Army attacks with succes

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Two wind turbines in North Rhine Westfalia are being dismantled under instructions from the German army. It claims they interfere with its flight control radar. Cranes moved in to fell the machines in August only days before Deutsche Aerospace came with a report suggesting the problem could be solved by shortening the towers. The report had been commissioned by the North Rhine Westfalia government in an attempt to rescue the ill-fated wind plant.

The perceived unreasonableness of the military authorities was met with a storm of protest, with widespread press coverage. The federal wind association, the Bundesverband Windenergie, called the army's action "unnecessary and over dramatised." Appeals were lodged by prominent politicians and with the Bonn Parliamentary Petitions Committee, but to no avail. And even a last ditch attempt to delay removal of the machines by selling them to television star Franz Alt brought no respite.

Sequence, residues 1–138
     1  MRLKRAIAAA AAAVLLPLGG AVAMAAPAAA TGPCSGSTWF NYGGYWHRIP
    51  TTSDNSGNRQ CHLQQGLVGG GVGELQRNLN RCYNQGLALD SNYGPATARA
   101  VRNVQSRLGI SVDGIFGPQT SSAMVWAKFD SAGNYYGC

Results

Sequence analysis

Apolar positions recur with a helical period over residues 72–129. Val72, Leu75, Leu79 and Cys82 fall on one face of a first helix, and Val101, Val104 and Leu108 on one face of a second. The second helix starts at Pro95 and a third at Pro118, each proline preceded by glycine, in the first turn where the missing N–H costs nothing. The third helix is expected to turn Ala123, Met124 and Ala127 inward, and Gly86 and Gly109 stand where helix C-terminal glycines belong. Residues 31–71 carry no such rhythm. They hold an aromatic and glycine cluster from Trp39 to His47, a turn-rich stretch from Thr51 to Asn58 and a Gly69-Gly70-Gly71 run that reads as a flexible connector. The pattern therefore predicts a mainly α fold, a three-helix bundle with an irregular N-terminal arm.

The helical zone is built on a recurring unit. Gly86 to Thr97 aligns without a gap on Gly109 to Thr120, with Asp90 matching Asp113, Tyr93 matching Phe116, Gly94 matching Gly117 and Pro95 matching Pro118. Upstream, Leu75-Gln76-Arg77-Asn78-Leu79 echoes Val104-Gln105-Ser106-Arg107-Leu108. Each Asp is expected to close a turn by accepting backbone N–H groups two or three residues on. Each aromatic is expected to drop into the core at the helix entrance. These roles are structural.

The Nordex N52 machines, an 800 kW and a 1 MW, were installed in 1995 near Borgentreich, 1.7 kilometres from the Auenhausen radar station and military airfield. Originally, licensing was secured for four 250 kW units, with military approval. But at the last moment project partners Lothar Vössing and Josef Wolf decided to install two larger machines instead and approval was rushed through by planners to make the deadline for land support. "Both we and the operators knew the necessary approval from the military had not been obtained," says Jürgen Krumböhmer of the Höxter planning office. The army, he adds, warned -- as the foundations were being laid -- that if the machines caused radar interference they would have them removed. Flight tests subsequently concluded the turbines caused radar interference and needed to be dismantled, says Krumböhmer.

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